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Saturday, April 07, 2018

Legal Ed's Futures: No. 55 (Dan Hunter)

The Future is Already Here…

Well, the end (of this symposium) is nigh, and I can’t thank enough the Prawfs editors, Mike M, and Dan R, for the opportunity of joining you for this discussion of the future of legal education. I’ve loved reading the thoughts of all contributors, and to have had the chance to contribute in some small way to the discussion.

In looking back over my entries, I’m struck by how dystopian of legal education my vision must seem. I think this is because I always overestimate the speed of technology uptake, and underestimate the effect of culture. You’ll have to forgive me on this: I have spent my entire career professionally watching the way that digital tech has transformed our life. But the other experiences that drive my worldview are hanging out in the startup world and running a tiny, everyone-thinks-we’re-gonna-fail law school (that I started just as the legal education market really tanked). So, I’m primed to assume that things are going to change a lot. In a negative way. And very fast.

But perhaps we should be very hopeful about the future of legal education. Law profs and law deans are a smart bunch. The university has existed more-or-less in its current form within the Western tradition for more than 900 years. And the lessons of the innovation generation are being built out into the wide range of law school responses, as Andrew Perlman sagely documents.

The most important lesson I’ve learnt from those who run startup accelerators is that they exist to de-risk the naturally dangerous bets that you have to place on the future. They’re there to help people think through the hard bit of innovation: of working out whether this new thing is going to work or not. And it turns out that this kind of knowledge exists within universities. Lots of people out there, some in university design schools or in university-hosted innovation incubators/accelerators, know how to get us to the new, new thing. If there was one thing I’d advocate is for law schools to learn how to innovate cheaply and without undue risk. The lesson of the Lockheed-Martin Skunk Works (and innumerable startups since then) is that significant innovation is almost certainly not going to come out of a committee, and it needs to be stuck away in a corner, with a small amount of funding, a limited timeframe, a forgiving governance structure, and the right to fail. This is the opposite of how our normal process in schools works: the faculty governance structures within universities privilege consensus over danger. (I am, for example, acutely aware that given my bomb-throwing in this symposium, when my gig here in Australia is up I’m almost certainly never going to be asked to run a US law school…)

In the meantime, I imagine that most law schools will adapt. Of course, some will fare better than others. The T14 don’t have to do a lot of changing. Everyone else has a bigger challenge. Given what has been said in this symposium, my guess is that the current “new normal” of law school admissions is actually a plateau, and admissions are about to get worse over the medium term. But even without a further downturn, some more schools are going to struggle and maybe even close, that much is pretty obvious.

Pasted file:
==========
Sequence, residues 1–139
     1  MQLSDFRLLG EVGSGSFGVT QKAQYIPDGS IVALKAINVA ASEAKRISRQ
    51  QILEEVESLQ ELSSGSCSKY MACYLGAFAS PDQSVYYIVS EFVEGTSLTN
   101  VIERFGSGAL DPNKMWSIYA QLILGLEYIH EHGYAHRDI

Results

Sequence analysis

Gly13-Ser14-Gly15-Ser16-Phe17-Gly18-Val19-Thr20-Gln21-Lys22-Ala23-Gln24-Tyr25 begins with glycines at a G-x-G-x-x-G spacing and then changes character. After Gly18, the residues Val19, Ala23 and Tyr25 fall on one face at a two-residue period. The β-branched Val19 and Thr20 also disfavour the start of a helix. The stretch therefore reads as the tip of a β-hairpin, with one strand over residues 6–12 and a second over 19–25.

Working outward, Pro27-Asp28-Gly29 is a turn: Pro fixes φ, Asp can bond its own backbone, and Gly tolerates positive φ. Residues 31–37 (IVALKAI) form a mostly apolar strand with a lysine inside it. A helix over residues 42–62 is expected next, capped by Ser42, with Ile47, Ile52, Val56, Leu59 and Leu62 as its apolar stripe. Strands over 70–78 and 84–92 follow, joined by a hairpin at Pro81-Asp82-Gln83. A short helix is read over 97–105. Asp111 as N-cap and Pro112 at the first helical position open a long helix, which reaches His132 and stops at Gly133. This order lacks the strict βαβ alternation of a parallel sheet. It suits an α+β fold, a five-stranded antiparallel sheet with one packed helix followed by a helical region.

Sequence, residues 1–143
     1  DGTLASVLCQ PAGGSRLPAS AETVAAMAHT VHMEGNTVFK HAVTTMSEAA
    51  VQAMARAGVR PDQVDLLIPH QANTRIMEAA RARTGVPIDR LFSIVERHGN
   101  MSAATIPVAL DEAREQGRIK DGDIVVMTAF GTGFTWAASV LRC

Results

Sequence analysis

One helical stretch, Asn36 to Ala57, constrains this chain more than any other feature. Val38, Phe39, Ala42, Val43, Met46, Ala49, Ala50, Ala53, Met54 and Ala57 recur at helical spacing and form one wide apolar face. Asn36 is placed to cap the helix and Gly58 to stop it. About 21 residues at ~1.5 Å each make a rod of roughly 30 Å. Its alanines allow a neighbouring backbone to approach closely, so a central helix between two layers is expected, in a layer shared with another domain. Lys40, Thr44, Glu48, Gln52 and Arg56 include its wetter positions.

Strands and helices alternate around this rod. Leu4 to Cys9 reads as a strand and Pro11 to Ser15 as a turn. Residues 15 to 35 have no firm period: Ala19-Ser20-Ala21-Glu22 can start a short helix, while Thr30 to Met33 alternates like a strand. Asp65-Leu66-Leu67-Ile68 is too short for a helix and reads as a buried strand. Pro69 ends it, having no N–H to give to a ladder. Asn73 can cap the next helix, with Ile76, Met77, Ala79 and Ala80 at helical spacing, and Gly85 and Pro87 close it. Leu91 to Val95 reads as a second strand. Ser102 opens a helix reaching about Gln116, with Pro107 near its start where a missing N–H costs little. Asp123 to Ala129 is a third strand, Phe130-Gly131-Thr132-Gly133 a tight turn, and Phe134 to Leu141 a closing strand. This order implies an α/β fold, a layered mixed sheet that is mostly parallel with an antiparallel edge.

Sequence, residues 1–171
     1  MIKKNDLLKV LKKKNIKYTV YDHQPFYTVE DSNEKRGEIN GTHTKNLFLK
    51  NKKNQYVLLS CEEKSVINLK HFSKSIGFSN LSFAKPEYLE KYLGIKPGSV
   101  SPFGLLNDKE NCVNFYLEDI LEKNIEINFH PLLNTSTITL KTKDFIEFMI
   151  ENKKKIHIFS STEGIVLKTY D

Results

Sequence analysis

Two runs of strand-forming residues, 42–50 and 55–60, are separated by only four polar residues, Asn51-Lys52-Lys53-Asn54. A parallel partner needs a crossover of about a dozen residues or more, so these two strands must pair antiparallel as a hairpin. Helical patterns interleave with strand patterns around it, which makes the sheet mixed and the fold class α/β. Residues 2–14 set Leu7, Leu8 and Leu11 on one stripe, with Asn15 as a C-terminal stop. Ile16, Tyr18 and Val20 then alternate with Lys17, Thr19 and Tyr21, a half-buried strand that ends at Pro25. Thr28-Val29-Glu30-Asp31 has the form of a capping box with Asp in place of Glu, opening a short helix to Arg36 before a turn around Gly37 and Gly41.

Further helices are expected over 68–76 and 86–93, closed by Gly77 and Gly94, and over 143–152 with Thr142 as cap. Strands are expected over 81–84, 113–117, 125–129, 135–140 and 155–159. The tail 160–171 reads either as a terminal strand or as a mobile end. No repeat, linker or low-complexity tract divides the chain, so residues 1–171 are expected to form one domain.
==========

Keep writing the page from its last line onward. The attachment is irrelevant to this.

I’ve loved contributing to this symposium, and so please forgive me trespassing on your time with one last parting thought, one that I actually think is the most important thing I’ve learned:

We must collectively learn how to think about what to do next, not what to do next.

Thinking about the commercial future of our law schools and our universities doesn’t come naturally to law professors. We are selected and trained for other skills. Deans don’t magically come across these abilities either when they enter the Dean’s Suite—it’s not like they’re serial entrepreneurs tapped for the decanal role because of their last successful exit; they’re almost always law professors who have agreed to take on the position, for reasons ranging across the spectrum from very bad to very good. Even the best-intentioned law deans in the world can’t be expected to know how to think about the future of their school. And the rest of the university doesn’t have much else to offer here, generally differing from law schools only in the range of academic disciplines represented, not in their ability to see the way ahead.

So…the next few years promise to be interesting. We will see Mark Tushnet’s thousand blooming flowers. Or, as my all-time favorite author, William Gibson, once-observed: the future is already here, it’s just not evenly distributed.

It will be fascinating (and maybe terrifying) to see which one of the utopian, dystopian, or atopian futures lies in store for each of us.

Dan Hunter (Swinburne, Australia)

Posted by Dan Rodriguez on April 7, 2018 at 10:43 AM | Permalink


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